It is packed with a cast of many stunning acting talents. Scott Speedman, for example, looks like sunshine made real as the charming playboy in Italy.

But the revelation, not surprisingly, since she's been the revelation of several movies of late (Made in Dagenham notably this season, and An Education last) is Rosamund Pike. She is gorgeous, refined, wonderful as a counterpoint to Barney.

It's sad and kind of tragic that Barney chose to live his life the way he wanted to: drinking, smoking big cigars and watching hockey games with the boys at the local bar. The love of his life chose to grow and evolve. But it's very interesting to see how all these pieces fall into place.

So trust me. The beginning may be annoying, but all in all, Barney's Version is a good ride through someone's life. I really do wanna see "Miriam's Version" next, though.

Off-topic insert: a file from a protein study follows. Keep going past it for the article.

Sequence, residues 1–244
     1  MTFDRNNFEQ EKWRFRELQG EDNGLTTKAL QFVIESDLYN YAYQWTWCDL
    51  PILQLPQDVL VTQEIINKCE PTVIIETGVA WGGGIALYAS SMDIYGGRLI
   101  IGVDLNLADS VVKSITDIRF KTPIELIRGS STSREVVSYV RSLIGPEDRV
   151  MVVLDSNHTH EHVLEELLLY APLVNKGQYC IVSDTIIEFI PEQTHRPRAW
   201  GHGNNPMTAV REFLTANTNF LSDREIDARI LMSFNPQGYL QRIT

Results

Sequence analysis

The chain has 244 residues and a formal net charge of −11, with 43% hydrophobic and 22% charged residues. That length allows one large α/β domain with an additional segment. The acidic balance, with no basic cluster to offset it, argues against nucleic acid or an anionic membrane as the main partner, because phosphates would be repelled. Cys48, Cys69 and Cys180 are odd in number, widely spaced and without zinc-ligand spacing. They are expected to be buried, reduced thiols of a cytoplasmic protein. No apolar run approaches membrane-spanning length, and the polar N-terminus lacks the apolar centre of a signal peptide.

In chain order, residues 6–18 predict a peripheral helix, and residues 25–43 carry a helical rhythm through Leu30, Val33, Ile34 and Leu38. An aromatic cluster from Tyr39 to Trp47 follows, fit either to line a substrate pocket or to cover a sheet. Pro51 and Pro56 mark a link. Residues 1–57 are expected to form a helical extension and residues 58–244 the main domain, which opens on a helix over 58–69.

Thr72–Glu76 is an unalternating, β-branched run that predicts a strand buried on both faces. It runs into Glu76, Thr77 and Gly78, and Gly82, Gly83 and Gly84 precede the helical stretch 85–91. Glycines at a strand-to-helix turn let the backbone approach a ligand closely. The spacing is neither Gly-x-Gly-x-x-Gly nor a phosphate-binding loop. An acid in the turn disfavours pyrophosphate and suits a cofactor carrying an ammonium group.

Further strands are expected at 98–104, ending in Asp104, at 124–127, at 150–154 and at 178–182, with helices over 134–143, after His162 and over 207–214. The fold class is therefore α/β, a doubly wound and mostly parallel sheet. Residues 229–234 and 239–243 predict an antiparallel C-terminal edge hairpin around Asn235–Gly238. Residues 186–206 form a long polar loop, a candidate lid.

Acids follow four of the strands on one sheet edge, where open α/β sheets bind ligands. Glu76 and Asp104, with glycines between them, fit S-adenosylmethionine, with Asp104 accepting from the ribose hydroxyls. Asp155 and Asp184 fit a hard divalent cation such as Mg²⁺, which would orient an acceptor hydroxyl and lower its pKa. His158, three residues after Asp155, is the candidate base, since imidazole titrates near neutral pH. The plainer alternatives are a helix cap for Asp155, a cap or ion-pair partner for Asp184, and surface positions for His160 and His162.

Thursday, December 9, 2010

On Not Getting It versus Insight

Two recent examples of this phenomenon crossed my view stream recently, and I wanted to comment upon them.

The phenomenon, visible all around you (especially if you look at Republicans and Democrats these days) is that of people who stubbornly, blindly, furiously, simply DON'T GET IT. You tell them or give them the information, and they do not or cannot see it. They persist in their stubbornness in seeing only their way, the right way. They blather on about their way, having totally and completely missed the actual point.


The two glaring examples of this that crossed my desk have to do with some (male) reviewers watching my favorite film of the year, "Black Swan," and a female reporter interviewing John Lennon and Yoko Ono.

Let's examine "Black Swan" first. I acknowledge that all art is subjective. People see what they want to see, based on their own set of experiences and life paths. The problem in the translation of "Black Swan," IMHO, has to do with the maleness versus the femaleness.